The opisthotonic (‘dead bird’) posture encountered in non-avialan dinosaurs and other fossilized archosaurs is characterized by extreme dorsal neck retraction and tail protraction. Extant birds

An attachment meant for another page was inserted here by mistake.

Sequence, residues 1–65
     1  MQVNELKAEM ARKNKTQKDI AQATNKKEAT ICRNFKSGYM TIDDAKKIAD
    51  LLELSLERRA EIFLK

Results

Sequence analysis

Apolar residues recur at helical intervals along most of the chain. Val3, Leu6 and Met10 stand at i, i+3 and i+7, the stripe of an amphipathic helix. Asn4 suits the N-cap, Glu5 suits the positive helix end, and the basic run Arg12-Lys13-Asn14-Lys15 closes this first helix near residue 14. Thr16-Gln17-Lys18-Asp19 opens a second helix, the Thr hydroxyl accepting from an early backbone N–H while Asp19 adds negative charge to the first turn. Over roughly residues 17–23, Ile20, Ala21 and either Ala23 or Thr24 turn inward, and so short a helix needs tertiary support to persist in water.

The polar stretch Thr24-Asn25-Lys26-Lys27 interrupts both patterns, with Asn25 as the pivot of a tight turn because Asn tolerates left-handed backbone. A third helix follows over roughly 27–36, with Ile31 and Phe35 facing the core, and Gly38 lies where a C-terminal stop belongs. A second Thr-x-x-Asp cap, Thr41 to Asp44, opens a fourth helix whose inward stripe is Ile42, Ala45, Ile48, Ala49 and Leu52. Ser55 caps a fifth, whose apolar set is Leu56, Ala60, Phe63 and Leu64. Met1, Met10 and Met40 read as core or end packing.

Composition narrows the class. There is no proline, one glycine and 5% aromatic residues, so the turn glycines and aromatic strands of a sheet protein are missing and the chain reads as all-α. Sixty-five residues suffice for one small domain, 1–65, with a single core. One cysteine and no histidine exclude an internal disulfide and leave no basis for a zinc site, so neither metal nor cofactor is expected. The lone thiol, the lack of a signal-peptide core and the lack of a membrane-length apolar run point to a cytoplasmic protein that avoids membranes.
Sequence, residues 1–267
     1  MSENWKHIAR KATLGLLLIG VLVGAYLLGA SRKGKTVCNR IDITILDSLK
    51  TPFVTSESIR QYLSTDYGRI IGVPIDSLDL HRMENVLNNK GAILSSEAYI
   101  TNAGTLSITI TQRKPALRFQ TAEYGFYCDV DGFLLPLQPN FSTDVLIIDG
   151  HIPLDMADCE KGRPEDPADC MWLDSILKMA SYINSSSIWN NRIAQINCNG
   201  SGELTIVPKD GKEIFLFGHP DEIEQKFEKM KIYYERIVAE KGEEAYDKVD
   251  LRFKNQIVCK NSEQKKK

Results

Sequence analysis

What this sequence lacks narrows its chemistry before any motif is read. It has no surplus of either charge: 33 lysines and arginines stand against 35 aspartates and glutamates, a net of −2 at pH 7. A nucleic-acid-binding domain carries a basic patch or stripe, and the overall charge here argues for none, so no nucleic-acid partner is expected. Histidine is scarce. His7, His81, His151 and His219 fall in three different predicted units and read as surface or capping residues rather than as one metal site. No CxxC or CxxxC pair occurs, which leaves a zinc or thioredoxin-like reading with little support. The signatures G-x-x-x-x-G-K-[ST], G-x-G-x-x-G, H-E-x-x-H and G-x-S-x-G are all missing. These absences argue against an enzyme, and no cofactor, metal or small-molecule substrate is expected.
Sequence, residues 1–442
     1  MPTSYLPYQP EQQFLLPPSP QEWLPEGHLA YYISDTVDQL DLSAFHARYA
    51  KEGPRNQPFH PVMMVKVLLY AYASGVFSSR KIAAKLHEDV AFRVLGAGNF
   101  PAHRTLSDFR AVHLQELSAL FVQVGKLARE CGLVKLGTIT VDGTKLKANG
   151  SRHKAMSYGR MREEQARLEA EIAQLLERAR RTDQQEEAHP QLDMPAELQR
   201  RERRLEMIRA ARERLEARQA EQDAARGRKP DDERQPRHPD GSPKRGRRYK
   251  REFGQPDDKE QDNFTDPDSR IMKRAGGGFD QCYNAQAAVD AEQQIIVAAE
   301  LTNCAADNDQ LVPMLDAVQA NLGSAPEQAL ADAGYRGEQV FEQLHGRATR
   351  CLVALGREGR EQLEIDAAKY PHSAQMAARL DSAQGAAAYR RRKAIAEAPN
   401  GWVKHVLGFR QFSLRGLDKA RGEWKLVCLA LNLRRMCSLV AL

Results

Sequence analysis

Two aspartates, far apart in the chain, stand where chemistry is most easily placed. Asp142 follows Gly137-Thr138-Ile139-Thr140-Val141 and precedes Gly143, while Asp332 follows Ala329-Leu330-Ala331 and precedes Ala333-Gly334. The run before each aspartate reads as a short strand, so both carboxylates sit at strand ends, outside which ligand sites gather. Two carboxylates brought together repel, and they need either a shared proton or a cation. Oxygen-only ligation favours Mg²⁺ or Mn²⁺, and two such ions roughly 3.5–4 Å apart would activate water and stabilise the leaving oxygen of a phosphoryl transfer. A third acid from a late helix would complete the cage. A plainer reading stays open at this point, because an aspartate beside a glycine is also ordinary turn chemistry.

have been used to study this and attention has focused on the neck (because modern avians lack a long, freely articulated series of caudal vertebrae). The opisthotonic posture has been largely discussed in relation to prevailing circumstances that may bring it about. Less attention has been paid to the actual patterns of excursion between vertebrae along the cervical series, and how this may influence the postures that are able to be adopted after death. We studied cervical intervertebral displacement throughout the full range of sagittal travel of the head, employing radiographic imagery. Our findings show that the head remains freely mobile on the cervical column in all positions of displacement, and the cervical vertebrae can be grouped into three functional clusters (posterior, intermediate and anterior), based on their patterns of intervertebral excursion along the sagittal displacement arc. The intervertebral joints at the junctions between these three regions, as well as the joint between the skull and the first cervical vertebra, exhibit the greatest ranges of excursion. Other joints in the cervical series exhibit relatively small levels of excursion. The mobility of the cervical joints in combination makes the neck prone to opisthotonic displacement, but there is no potential for an equivalent pattern of ventral movement and instead much of the cervical series becomes essentially locked when moved in this way. The S-shaped curvature of the neck in the resting position, with its characteristic intervertebral angles, is contributory to the ability to assume the opisthotonic posture. Circumstances that lead to the adoption of this posture are likely varied.